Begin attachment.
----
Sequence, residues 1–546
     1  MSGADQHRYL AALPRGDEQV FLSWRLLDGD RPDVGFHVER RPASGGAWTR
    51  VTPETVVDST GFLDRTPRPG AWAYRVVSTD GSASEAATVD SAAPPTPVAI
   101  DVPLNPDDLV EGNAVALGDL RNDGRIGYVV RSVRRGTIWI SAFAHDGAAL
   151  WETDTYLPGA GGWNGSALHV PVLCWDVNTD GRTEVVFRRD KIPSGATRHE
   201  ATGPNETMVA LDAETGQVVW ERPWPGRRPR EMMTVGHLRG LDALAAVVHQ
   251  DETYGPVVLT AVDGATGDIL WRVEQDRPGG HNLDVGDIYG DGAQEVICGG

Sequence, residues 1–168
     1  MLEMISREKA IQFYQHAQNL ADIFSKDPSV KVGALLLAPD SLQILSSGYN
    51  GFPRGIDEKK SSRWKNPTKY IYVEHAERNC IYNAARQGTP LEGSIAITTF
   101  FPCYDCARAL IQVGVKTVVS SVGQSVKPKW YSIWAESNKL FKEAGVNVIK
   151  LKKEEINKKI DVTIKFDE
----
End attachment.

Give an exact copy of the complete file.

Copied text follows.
Sequence, residues 1–546
     1  MSGADQHRYL AALPRGDEQV FLSWRLLDGD RPDVGFHVER RPASGGAWTR
    51  VTPETVVDST GFLDRTPRPG AWAYRVVSTD GSASEAATVD SAAPPTPVAI
   101  DVPLNPDDLV EGNAVALGDL RNDGRIGYVV RSVRRGTIWI SAFAHDGAAL
   151  WETDTYLPGA GGWNGSALHV PVLCWDVNTD GRTEVVFRRD KIPSGATRHE
   201  ATGPNETMVA LDAETGQVVW ERPWPGRRPR EMMTVGHLRG LDALAAVVHQ
   251  DETYGPVVLT AVDGATGDIL WRVEQDRPGG HNLDVGDIYG DGAQEVICGG

Sequence, residues 1–168
     1  MLEMISREKA IQFYQHAQNL ADIFSKDPSV KVGALLLAPD SLQILSSGYN
    51  GFPRGIDEKK SSRWKNPTKY IYVEHAERNC IYNAARQGTP LEGSIAITTF
   101  FPCYDCARAL IQVGVKTVVS SVGQSVKPKW YSIWAESNKL FKEAGVNVIK
   151  LKKEEINKKI DVTIKFDE